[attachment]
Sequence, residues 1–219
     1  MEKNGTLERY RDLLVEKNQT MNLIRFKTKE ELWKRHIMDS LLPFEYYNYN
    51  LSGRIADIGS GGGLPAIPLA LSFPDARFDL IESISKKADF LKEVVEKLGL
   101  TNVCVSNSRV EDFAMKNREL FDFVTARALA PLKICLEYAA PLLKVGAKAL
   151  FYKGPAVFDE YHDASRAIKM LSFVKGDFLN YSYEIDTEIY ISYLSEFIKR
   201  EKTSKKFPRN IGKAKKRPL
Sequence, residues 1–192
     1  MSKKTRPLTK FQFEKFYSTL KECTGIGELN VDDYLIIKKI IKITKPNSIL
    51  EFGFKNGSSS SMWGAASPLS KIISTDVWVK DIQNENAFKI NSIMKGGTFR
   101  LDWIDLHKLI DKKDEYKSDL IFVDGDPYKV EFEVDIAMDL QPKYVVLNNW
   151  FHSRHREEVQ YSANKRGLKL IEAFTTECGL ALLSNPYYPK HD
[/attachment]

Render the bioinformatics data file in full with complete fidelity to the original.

Sequence, residues 1–219
     1  MEKNGTLERY RDLLVEKNQT MNLIRFKTKE ELWKRHIMDS LLPFEYYNYN
    51  LSGRIADIGS GGGLPAIPLA LSFPDARFDL IESISKKADF LKEVVEKLGL
   101  TNVCVSNSRV EDFAMKNREL FDFVTARALA PLKICLEYAA PLLKVGAKAL
   151  FYKGPAVFDE YHDASRAIKM LSFVKGDFLN YSYEIDTEIY ISYLSEFIKR
   201  EKTSKKFPRN IGKAKKRPL
Sequence, residues 1–192
     1  MSKKTRPLTK FQFEKFYSTL KECTGIGELN VDDYLIIKKI IKITKPNSIL
    51  EFGFKNGSSS SMWGAASPLS KIISTDVWVK DIQNENAFKI NSIMKGGTFR
   101  LDWIDLHKLI DKKDEYKSDL IFVDGDPYKV EFEVDIAMDL QPKYVVLNNW
   151  FHSRHREEVQ YSANKRGLKL IEAFTTECGL ALLSNPYYPK HD